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Are MRIs used to diagnose osteoarthritis?

Dr. Michael Roizen, MD
Internal Medicine

We know those noisy, slow, and even claustrophobic MRIs can be almost as painful as your joints, but sometimes are necessary to diagnose osteoarthritis and its extent. X-rays only show the bones, not the soft tissue around them. Since MRIs show the soft tissue and the bone, they can be useful for seeing any changes to the area around a potentially arthritic joint. The MRI can also show tiny bone or cartilage fragments in the joint that might not show up on an x-ray. So all in all, despite the noise and the claustrophobia, an MRI might be very important to help you.

Magnetic resonance imaging, or MRI, is sometimes used in addition to x-rays to diagnose osteoarthritis. Unlike x-rays, which focus on the bones, MRIs create a picture of the soft tissue of the joint as well as the bones around it. An MRI can better show cartilage loss and other changes to the soft tissue around the joint caused by osteoarthritis. The MRI can also capture tiny bone or cartilage fragments in the joint that might not be visible on an x-ray.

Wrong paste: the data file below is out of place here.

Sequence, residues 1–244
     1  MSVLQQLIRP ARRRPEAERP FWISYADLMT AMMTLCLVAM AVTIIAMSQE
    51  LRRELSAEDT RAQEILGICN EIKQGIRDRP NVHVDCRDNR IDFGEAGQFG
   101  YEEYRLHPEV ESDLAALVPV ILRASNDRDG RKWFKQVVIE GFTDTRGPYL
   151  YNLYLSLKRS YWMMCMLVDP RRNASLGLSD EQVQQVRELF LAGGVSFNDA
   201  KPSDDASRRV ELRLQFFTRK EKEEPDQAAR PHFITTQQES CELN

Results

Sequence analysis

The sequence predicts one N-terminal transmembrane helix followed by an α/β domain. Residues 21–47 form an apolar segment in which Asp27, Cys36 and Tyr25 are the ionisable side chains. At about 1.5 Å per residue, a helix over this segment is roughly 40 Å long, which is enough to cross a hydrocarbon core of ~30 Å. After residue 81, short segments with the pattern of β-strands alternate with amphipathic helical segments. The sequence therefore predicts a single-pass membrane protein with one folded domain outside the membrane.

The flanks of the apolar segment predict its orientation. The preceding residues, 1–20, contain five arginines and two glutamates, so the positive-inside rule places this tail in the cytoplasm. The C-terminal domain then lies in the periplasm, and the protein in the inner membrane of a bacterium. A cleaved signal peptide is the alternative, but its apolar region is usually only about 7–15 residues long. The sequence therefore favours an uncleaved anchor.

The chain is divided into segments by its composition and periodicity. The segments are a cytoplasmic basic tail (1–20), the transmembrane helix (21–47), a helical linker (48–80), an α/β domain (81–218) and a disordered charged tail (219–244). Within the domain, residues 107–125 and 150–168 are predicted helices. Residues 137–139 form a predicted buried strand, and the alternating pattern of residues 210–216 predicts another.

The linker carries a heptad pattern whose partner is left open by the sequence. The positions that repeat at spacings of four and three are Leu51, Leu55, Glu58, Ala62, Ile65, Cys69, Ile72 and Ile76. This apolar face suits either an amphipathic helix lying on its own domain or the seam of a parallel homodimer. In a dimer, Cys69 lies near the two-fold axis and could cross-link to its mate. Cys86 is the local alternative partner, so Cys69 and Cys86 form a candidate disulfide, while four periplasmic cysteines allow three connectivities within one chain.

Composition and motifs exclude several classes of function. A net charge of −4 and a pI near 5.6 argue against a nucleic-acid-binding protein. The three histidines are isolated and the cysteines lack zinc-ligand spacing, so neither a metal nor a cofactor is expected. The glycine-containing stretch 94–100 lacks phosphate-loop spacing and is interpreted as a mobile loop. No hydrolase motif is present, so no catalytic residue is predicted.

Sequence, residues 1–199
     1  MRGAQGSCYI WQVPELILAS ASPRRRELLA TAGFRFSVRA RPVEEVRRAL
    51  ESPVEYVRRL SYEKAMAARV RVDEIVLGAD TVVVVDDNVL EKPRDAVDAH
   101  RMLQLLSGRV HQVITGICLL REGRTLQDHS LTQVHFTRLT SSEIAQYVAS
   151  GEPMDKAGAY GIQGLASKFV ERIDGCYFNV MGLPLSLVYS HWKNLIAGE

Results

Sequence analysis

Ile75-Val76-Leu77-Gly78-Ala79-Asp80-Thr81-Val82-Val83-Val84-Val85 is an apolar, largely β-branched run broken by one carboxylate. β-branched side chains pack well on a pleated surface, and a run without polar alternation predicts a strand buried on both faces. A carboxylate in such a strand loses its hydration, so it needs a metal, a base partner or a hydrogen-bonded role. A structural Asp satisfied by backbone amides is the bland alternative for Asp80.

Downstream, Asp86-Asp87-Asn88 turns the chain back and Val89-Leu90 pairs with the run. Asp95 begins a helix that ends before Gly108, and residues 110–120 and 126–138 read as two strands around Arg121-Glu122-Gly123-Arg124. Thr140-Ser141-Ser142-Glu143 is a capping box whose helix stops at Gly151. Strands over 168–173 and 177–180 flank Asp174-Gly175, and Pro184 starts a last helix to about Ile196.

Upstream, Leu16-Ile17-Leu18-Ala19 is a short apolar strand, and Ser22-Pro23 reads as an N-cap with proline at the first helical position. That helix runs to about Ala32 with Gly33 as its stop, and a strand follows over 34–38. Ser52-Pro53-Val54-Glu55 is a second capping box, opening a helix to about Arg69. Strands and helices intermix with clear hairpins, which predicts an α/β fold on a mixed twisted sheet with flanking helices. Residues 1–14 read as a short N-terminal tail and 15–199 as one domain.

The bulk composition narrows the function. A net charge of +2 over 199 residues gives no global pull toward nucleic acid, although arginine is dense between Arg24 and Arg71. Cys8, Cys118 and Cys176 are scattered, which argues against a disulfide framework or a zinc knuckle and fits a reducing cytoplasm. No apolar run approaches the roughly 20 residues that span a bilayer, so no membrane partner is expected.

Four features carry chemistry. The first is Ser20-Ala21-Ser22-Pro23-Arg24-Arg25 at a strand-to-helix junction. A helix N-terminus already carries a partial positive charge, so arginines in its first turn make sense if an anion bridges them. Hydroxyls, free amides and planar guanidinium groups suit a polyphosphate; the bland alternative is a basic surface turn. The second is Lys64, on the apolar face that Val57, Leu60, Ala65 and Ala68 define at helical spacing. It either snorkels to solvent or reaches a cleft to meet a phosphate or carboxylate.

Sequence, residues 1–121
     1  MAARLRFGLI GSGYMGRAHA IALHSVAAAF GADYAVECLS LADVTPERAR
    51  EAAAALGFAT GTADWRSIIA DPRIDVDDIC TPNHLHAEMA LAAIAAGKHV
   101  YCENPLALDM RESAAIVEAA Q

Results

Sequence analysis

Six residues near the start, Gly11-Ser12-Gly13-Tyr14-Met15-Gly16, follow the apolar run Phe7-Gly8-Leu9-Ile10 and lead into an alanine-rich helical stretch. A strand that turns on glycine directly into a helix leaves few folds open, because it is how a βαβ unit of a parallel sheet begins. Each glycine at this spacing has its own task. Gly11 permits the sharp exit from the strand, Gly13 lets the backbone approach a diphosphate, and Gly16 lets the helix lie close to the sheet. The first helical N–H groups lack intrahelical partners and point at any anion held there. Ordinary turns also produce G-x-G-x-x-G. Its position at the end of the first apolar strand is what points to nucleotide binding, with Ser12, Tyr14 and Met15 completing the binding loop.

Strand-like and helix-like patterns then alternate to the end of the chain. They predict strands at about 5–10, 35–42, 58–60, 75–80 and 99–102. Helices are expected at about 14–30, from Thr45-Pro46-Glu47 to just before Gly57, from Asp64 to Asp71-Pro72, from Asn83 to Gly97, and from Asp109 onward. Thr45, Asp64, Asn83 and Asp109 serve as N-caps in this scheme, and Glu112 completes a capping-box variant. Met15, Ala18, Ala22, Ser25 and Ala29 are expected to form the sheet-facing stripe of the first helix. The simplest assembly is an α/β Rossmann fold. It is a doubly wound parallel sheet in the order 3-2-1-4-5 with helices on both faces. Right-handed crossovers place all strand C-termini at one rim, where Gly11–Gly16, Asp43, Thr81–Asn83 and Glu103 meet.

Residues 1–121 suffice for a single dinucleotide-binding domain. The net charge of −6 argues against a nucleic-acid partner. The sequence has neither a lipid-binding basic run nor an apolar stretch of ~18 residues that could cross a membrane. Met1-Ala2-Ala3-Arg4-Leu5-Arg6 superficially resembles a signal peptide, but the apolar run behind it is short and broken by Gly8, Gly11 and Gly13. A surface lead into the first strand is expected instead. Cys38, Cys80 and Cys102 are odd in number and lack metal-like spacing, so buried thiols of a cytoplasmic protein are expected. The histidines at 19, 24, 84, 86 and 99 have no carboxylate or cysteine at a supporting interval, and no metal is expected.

Dr. Mehmet Oz, MD
Cardiology (Cardiovascular Disease)
MRI (magnetic resonance imaging) is sometimes used to diagnose osteoarthritis (OA). The images from an MRI are amazingly detailed and sharp, so your doctor can get a really good look at the bones, cartilage and soft tissue of the painful joint. On the other hand, MRIs are expensive and noisy, which makes for an unpleasant patient experience. Unless your doctor feels he or she needs a detailed look at your aching joint, an MRI isn't usually necessary to diagnose OA. 

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Important: This content reflects information from various individuals and organizations and may offer alternative or opposing points of view. It should not be used for medical advice, diagnosis or treatment. As always, you should consult with your healthcare provider about your specific health needs.